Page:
The Fleur de Lys, Pilley

We were warmly greeted by Ben at this 11th century pub on Pilley Street, despite the fact that, because they were hosting a wedding this evening, they were not serving full meals this lunchtime. We were offered starters, which was in fact all we needed today.

We were familiar with this excellent venue from our early days in the New Forest. It has, however, had a chequered life since the managers from that period had closed up , leaving the current chef to seek employment elsewhere. Eventually he had set up in Lymington, but returned here last May having learned that the historic building was again available. It was unsurprising to learn that they have been thereafter very busy.

We were the only people customers present. Ben took our order, served me Doom Bar and Jackie Amstell beer and

lit the log fire.

Jackie was free to photograph the interior with its charming accessories.

and ancient paving. The late Queen’s model operates, by solar power, a waving hand.

On that same window sill there is an interesting display of books which our photographer of the day spent a good time enjoying.

I have this one at home in perfect condition with a jacket, so I know its worth.

Oh, yes, the food. Jackie chose the monkfish scampi starter and I chose the sticky slow cooked duck. The complex blends of intricate flavours were delightful. I told the chef we would be back for our mains and desserts.

Jackie left her phone behind. The icing on the cake was that when I phoned to see if it was there the staff were just leaving. They searched and found it and waited behind for the rather more than Assistant Photographer to collect it.


  1. Thank you for including the menu: I enjoyed perusing it! Good on the staff for waiting for Jackie to collect her phone. A less happy circumstance in my part of the world is that a young woman left her phone on one of the trans-country buses and was so angry to discover that, having found it, the crew had sent it to the town she had been heading for – she burnt the luxury bus!!!!!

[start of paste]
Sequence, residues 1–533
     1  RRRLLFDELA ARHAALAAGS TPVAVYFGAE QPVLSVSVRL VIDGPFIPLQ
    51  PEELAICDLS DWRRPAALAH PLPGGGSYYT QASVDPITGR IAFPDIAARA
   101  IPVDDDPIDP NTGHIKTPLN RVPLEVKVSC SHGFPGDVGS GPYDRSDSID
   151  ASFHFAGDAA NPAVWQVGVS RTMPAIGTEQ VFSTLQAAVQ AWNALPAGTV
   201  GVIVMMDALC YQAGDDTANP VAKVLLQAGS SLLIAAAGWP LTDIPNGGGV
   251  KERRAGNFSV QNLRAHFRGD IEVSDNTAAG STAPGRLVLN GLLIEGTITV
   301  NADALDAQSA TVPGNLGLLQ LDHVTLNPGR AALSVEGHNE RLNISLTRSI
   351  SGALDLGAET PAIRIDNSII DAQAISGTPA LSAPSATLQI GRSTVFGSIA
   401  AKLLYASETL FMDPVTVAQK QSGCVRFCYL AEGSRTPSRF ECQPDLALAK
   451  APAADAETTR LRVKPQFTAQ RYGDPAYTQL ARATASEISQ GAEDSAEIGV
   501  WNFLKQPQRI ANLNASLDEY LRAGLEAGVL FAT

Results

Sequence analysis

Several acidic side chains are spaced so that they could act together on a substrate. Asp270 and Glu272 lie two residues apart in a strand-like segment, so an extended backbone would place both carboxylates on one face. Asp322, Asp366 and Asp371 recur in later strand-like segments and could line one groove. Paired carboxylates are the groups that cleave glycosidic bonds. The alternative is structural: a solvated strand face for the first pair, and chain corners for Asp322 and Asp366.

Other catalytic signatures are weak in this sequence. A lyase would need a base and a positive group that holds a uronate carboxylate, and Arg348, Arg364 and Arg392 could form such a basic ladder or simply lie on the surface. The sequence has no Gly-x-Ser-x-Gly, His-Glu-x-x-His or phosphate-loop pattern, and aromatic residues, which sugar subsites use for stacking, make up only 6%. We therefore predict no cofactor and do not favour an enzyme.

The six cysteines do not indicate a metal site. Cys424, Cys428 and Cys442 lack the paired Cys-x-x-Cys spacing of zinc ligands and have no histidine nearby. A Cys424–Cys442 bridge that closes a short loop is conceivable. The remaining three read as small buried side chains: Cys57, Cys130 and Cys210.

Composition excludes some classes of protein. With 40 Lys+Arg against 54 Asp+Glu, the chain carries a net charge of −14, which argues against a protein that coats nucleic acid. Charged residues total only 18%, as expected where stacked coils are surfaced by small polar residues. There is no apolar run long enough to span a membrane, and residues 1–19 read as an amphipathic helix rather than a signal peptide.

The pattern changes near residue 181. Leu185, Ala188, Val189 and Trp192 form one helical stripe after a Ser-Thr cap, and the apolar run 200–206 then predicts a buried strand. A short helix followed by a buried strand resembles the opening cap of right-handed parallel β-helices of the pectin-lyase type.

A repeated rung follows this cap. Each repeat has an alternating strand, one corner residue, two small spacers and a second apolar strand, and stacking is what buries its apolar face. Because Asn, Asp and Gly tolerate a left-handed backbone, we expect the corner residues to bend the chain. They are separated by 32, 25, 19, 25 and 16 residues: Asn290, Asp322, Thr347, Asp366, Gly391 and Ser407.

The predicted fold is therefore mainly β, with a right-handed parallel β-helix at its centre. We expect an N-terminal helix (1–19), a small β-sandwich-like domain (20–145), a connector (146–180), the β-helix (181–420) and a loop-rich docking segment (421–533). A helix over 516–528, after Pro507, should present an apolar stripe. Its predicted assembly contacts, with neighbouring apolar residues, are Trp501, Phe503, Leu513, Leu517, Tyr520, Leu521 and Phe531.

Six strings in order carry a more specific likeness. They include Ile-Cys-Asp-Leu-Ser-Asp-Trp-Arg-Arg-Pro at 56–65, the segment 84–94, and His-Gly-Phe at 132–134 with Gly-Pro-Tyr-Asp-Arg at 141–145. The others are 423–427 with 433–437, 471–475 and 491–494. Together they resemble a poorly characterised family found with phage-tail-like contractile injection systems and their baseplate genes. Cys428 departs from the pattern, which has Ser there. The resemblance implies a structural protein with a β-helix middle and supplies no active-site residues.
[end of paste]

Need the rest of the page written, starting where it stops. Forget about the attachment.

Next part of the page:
2. What a delightful place! I recognize the exterior, I think. How wonderful to have such a place nearby with delicious food and attentive, caring staff. I wonder what the wedding will be like there.

  3. Except for the ‘phone incident,’ it sounded an interesting interlude: the food tempting… ‘Im indoors and I used to run a small, modest hotel in Bournemouth many moons ago, and enjoyed your neck of the woods when we had a few, rare, hours off. A fascinating time in our life together, as we enjoyed most people’s company…and cooked up several memorable meals in our time! Now in our 90s, my other half does the cooking , bless him. Happy memories…(‘ Running Your Own Small Hotel’ commissioned and published by Kogan Page, London) Just a factual, modest book., which led to writing and publishing eight more…( Cheers!

  4. The ancient floor is amazing, I can imagine watching the tiles being made by crafty hands long ago. The menu is like nothing I’ve seen before. ????????❤️

  5. I was interested to see the word ‘lee’ in one of the books. My middle name is Lee, and I had no idea what it means. Searching, I found this: “Lee is a given name derived from a surname of English origin that means ‘clearing’ or ‘meadow.’ The surname was originally given to a person who lived in or near a laye, from the middle English word meaning “clearing in the woods.”

    I suppose ‘lea’ is an alternate spelling; I see it means grove, clearing, or meadow. Odd that at this point in my life my middle name should have become so approrpriate, since lees/leas are where I like to hang out.

  6. That looks like my kind of place. How lovely of them to wait for you to be able to pick up the phone! The food looks delicious, too.

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